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The Vancouver Film Festival, a significant gateway of Asian cinema to the West, also showcases award winning films from other festivals – and it serves the festival well, reports Geoff Gardner.

The South Korean film Eighteen directed by debutante Jang Kun-jae has won the Vancouver International Film Festival Dragons & Tigers Award for 2009. The film is a powerful, authentically felt and exact story of teen love going off the rails and getting way out of hand. Focussing on high school seniors Mi-Jeong (Lee Min-Ji) and Tae-Hoon (Seo Jun-Yeong) who take off for the weekend and then come back to face the wrath of their parents, the film follows the liaison as it flowers, falters and then spins out of control as heavy pressure is exerted to end it and for the kids to conform to Korean mores and study, study, study. Tae-Hoon is an unhappy and rebellious kid; he bolts from home and tries to contain his continuing fury as he gets a job as a delivery boy for a Chinese restaurant. The resolution is downbeat but the eventual conformity rings true.

"with considerable command of his narrative"

The jury admired the film for its structure and direction, both assured, suggesting a young director with considerable command of his narrative. Hard to disagree with that. Jang joins distinguished company. Previous winners include Hirokazu Kore-eda, Lee Chang-Dong and Jia Zhangke, now established figures in modern Asian film-making.

An honourable mention went to the Bakal Boys, the directing debut of Ralston Jover, known until now as a scriptwriter for Filipino wunderkind Brillante Mendoza though I thought that the other really meritorious work was Sasaki Omoi’s Left Out, an enigmatic off-kilter romance involving a team of junk collectors, the mysterious woman who joins the group and a flamboyant gangster. It was in some ways reminiscent of the more contemplative side of Kitano Takeshi and his early work like A Scene at the Sea. Silence and looks create sub-texts and understated desire fills in the background.

Strangely Sasaki tried to be dismissive about the film, an odd look for a director trying to pursue a commercial career and especially so as many were quite impressed with what the film achieves.

Elsewhere in the remaining thirty plus films that constituted the East Asian selection big and appreciative crowds streamed in for selections ranging from Sai Yoichi’s eye-popping ninja movie adaptation of the popular manga Kamui to Pema Tseden’s Kiarostami-like, The Search. Shifting the action to Tibet’s backblocks but otherwise following the same trajectory as the master’s Through the Olive Trees, Tseden’s gently lyrical work about a director searching high and low for the cast of a forthcoming film took us through village life, colourful communities and much reticence.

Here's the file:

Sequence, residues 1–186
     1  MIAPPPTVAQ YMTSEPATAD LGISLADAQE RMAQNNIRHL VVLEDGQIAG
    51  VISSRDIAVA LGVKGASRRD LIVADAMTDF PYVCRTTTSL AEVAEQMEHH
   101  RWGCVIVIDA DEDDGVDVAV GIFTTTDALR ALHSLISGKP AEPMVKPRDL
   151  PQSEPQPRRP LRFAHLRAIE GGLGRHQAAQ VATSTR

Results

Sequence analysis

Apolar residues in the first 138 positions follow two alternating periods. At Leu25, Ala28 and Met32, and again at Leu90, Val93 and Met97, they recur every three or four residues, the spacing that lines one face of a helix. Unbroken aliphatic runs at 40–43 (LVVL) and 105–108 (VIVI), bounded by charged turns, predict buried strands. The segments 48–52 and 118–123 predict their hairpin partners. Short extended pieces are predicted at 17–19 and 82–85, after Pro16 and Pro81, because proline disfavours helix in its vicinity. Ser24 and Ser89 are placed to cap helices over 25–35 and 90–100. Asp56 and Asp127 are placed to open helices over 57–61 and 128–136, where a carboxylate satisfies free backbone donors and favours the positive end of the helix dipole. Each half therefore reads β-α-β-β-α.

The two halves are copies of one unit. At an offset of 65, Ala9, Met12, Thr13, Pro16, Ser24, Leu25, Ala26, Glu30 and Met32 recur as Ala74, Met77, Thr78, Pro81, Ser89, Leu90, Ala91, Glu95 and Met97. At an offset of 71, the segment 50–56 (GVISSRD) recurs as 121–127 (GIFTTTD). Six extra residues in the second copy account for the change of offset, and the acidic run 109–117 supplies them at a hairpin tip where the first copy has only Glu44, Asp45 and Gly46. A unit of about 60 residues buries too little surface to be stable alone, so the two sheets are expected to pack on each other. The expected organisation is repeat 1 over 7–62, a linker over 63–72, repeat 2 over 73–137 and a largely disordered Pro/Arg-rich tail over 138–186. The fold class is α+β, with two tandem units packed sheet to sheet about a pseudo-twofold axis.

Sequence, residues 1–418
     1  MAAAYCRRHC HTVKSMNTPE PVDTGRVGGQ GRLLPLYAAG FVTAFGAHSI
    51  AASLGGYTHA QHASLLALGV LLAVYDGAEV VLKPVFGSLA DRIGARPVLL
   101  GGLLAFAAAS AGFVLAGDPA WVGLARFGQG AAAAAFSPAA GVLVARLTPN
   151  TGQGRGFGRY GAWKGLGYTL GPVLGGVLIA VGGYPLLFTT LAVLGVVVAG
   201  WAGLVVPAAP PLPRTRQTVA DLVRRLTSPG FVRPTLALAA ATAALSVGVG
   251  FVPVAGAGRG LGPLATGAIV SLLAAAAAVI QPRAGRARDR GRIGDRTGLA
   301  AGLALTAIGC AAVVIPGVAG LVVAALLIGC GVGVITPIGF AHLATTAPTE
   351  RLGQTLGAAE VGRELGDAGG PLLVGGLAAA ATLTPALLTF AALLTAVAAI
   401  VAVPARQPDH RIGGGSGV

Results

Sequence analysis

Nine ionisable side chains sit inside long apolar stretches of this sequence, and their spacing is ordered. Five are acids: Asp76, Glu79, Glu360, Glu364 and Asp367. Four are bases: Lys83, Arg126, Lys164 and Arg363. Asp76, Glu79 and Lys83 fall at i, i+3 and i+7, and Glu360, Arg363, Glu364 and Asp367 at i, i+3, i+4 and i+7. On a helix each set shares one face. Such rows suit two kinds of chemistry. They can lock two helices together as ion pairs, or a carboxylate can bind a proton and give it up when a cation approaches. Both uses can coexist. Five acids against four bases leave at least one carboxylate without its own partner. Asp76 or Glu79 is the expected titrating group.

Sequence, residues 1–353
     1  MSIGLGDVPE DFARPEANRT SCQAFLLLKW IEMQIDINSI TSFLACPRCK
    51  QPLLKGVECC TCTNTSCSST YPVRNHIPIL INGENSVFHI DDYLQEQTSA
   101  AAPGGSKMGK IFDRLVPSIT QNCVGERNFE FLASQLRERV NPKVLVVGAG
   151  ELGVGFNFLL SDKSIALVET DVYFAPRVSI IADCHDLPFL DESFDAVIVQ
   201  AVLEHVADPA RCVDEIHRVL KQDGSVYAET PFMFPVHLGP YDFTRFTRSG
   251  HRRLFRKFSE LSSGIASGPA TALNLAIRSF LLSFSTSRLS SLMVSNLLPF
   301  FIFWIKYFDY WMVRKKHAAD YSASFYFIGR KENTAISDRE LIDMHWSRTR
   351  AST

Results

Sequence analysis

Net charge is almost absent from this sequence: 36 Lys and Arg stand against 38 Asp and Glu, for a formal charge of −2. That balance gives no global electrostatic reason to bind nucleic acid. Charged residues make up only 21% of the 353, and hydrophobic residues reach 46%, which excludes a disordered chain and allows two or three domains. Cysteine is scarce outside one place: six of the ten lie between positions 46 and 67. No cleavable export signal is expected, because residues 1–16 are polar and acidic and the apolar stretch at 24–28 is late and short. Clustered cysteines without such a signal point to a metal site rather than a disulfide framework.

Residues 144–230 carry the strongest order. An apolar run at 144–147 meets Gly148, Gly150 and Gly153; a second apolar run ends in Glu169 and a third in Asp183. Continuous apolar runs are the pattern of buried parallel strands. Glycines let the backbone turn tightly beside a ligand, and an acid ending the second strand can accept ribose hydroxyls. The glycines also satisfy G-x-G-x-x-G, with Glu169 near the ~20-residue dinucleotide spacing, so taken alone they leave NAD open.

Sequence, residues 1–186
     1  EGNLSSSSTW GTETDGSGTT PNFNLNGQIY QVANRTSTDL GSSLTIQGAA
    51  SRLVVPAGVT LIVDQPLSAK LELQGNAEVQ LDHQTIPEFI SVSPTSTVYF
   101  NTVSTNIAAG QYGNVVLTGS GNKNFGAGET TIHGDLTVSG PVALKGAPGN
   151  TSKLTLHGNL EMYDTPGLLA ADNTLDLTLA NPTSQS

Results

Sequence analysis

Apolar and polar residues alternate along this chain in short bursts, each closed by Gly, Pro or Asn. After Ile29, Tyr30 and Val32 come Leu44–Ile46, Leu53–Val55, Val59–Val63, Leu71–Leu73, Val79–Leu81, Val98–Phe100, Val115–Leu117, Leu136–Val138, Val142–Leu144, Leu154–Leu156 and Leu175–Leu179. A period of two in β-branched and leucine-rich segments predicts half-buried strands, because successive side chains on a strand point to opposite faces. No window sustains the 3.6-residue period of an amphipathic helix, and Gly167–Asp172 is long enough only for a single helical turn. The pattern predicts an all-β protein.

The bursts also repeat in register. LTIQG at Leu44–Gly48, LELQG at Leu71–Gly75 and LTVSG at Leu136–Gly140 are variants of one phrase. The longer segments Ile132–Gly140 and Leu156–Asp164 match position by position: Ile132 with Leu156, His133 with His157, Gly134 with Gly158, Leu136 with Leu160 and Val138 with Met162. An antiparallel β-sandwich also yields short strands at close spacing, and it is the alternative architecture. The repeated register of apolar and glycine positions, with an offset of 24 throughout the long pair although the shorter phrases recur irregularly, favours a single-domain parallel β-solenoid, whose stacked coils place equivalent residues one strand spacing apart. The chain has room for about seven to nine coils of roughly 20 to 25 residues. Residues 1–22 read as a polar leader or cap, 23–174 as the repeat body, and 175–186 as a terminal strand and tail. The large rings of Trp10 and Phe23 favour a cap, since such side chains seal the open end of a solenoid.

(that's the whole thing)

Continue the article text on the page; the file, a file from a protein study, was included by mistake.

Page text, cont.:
"the sex toy who comes to life"

Another master Hirokazu Kore-eda has recut his Cannes entrant Air Doll and observers thought that the film stood up better shorn of ten minutes or so. The ravishing Korean actress Bae Doo-Na who plays the sex toy who comes to life, and leads an independent life of her own when her master isn’t looking, provides a couple of positive new developments for the director, notably a gentle sense of humour and some quite erotic moments. Lee Hey-Jun’s Castaway on the Moon should also be noted as the funny first solo effort of the director after his job co-directing the wonderful gay comedy Like a Virgin.

Most of these directors and films don’t or won’t get on the local radar but they do fulfil VIFF’s self-imposed mandate as one of the key portals out of Asia and into the west. It would be nice to say expect to hear more but further circulation remains unreliable.

Otherwise let me mention just one other movie that seemingly came out of nowhere thanks to VIFF’s smart program strand of films which have won awards at other festivals. (Cedar Boys was selected to screen at VIFF after it won the Audience Award at the Sydney Film Festival.)

"the best and smartest private eye/crime/war/love story/thriller/comedy made "

Vinko Bresan’s Croatian/Serbian film Will Not Stop There (Nije Kraj) won prizes at Karlovy Vary and at Pula before screening at Vancouver and it proved to be just about the best and smartest private eye/crime/war/love story/thriller/comedy made since, well, since Jean-Luc Godard started gleefully mixing up the genres. An investigator rescues a prostitute porn actress (the delectable Nada Sargin) from her drunken, drug-addled fate. He’s assisted by a generously endowed Gypsy porn star whose wife thinks he’s a professional musician. The film delves back into Serbo Croat hostilities in a way worthy of Ross Macdonald or maybe even Chandler himself might have used such material. It’s directed with complete assurance by Bresan and that makes you wonder whether we should have been paying far more attention to the work of a director who has now made four movies over the last decade all of which may have got under the radar of all but the SBS scheduler. We’ll have to check.

Published October 15, 2009

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Eighteen – big winner

Will Not Stop There – an award winner from Karlovy Vary; “the best and smartest private eye/crime/war/love story/thriller/comedy made since, well, since Jean-Luc Godard…”

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